My Reasons for Attending Young Adult Retreats

By Isaac

Stories From Meditators

Isaac is a young adult (YA) living in San Diego, California. He shares how YA weekend retreats inspire his meditation practice.

I was going to write about living a balanced lifestyle and how an active YA life can be beneficial for meditation. However, currently I am not leading a very balanced life and as a result my practice has been suffering. I have been working too much, not dropping work at the end of the day, doing too many things, and staying up too late. As a result, I have been having a hard time getting up early enough to meditate before work, and not meditating every day as I strive to. So, instead of writing about how a balanced lifestyle can benefit meditation, which I have experienced and know to be true, I will write about how I get re-inspired and reinvigorate my practice – thus getting back to a balanced, active lifestyle that is integrated with the eight-point program.

The number one way for me to get a boost of enthusiasm and deepen my commitment and practice is to attend a BMCM retreat. There are lots of strategies that I use to help refresh and renew my practice, but when I’m having a particularly tough time, like right now, there is nothing like attending a retreat. There is nothing as effective as spending time with other YAs who are also striving to meditate regularly and follow Eknath Easwaran’s eight-point program in the midst of our multi-tasking, faster-the-better, technology-soaked culture.

Isaac at a young adult weekend retreat.

It is a refreshing and unfortunately unique experience to work on slowing down and one-pointedness amongst others who are also trying to do the same. Talking to other meditators, I frequently pick up tips and tricks that help me get over roadblocks. For example, I struggle with continuing to memorize new passages, but have received many helpful hints, tips and tricks from others at meditation retreats who have come up against the same wall.  Many of these tips, tricks and strategies have turned into faithful tools that I now use to systematically chip away at my unwanted habits. When I feel like I’m not making any progress, even though I’m trying, and even when it feels sometimes like I’m moving backwards, I think of what Gandhi said: “I know the path: it is straight and narrow. It is like the edge of a sword. I rejoice to walk on it. I weep when I slip. God's word is: ‘He who strives never perishes.’ I have implicit faith in that promise. Though, therefore, from my weakness I fail a thousand times, I shall not lose faith.”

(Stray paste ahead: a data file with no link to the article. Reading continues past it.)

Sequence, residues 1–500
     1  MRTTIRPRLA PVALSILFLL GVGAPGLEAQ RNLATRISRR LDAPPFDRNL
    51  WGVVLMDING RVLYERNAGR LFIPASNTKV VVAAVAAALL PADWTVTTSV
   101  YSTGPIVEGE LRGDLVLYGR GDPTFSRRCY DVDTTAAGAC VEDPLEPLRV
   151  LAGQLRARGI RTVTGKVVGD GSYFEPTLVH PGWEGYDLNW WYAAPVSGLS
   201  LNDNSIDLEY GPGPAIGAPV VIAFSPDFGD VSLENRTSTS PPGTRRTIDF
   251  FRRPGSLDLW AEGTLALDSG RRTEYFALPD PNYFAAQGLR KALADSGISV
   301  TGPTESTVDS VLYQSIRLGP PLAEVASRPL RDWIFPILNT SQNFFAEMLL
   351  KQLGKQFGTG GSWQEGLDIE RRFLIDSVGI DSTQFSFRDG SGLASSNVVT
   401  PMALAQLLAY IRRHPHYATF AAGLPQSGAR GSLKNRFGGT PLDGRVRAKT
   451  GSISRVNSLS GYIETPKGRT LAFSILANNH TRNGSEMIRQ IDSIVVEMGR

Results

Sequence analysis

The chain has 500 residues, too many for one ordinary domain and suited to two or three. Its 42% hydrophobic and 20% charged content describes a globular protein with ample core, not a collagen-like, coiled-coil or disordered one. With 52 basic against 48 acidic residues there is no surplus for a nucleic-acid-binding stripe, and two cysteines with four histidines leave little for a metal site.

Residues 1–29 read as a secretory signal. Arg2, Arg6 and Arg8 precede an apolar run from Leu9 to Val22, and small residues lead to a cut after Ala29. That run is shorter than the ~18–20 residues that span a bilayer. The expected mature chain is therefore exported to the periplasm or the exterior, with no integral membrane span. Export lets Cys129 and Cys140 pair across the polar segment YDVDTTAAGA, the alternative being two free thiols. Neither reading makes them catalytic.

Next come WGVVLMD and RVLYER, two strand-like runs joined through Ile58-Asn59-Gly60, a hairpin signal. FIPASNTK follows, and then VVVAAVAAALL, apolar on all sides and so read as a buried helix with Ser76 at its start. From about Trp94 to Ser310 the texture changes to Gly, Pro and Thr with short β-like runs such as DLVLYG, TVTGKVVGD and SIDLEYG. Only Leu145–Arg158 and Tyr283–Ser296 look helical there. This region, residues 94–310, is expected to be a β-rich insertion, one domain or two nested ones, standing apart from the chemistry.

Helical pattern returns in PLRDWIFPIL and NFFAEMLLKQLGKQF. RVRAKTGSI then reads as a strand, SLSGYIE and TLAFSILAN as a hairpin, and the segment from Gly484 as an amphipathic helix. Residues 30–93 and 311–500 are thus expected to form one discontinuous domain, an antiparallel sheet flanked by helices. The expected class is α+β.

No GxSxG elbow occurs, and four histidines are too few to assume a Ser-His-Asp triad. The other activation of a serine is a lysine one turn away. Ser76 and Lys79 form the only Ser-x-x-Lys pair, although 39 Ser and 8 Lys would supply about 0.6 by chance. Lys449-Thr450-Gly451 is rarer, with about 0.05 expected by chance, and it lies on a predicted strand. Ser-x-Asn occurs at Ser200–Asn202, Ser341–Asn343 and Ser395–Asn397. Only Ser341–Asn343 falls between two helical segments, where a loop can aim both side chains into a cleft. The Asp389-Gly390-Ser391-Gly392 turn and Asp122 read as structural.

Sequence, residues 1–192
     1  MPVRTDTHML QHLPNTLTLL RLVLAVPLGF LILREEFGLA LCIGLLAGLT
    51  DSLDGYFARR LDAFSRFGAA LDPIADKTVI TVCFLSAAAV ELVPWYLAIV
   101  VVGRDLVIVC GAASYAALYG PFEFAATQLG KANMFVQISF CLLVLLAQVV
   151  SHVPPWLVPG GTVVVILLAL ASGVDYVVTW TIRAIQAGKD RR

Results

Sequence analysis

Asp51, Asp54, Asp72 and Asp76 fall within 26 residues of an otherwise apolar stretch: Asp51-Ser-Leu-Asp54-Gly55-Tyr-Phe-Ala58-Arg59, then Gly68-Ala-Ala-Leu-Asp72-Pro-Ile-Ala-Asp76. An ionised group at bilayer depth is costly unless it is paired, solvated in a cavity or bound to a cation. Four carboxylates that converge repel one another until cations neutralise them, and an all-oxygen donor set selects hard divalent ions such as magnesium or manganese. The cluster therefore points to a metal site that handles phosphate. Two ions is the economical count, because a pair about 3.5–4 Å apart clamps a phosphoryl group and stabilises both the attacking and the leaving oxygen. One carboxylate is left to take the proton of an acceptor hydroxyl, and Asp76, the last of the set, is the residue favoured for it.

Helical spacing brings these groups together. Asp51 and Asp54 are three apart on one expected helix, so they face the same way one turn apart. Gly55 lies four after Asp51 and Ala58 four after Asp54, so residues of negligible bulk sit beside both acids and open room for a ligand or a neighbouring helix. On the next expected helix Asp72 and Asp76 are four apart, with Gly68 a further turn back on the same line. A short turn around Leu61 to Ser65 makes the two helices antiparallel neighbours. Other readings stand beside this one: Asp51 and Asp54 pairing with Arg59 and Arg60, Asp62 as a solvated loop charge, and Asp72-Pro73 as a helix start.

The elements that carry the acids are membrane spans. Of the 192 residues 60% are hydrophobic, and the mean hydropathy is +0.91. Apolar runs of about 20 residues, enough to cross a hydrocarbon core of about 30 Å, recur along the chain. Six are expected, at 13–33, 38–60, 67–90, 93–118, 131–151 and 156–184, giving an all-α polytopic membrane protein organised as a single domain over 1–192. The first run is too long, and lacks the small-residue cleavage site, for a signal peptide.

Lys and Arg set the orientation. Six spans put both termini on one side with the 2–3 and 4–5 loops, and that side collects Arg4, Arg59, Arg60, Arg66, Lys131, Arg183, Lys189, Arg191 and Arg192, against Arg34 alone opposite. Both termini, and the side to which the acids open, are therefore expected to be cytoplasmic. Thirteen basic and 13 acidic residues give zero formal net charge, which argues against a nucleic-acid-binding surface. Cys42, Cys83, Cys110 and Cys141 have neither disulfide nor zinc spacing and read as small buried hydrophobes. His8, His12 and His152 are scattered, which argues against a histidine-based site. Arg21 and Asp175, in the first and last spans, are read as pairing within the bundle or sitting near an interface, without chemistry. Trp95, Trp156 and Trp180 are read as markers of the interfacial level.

During a volleyball game at the retreat.

The progress that I make in re-dedicating and deepening my practice during a retreat helps me to be at my best when I go back to work and everyone is running at light speed and expects me to keep up.  As Easwaran says, we need to learn to swim against the current, but in order to do this we must become strong swimmers. I like to swim and I am a good strong swimmer, but swimming laps can become boring and mechanical, so every once in a while I need the boost of some good coaching, some tips to help me improve and get over plateaus. That is exactly what attending a retreat does for me. I get a shot of enthusiasm, and drive a little deeper the instructions I know so well but sometimes let become too mechanical. I come away knowing that there is no hurdle in meditation that I can’t tackle and with the reassurance that there are many other young meditators out there that have many of the same challenges I face, but also all have endless potential. After each retreat I see this potential more in myself and in everyone around me.

Isaac's meditation corner at home.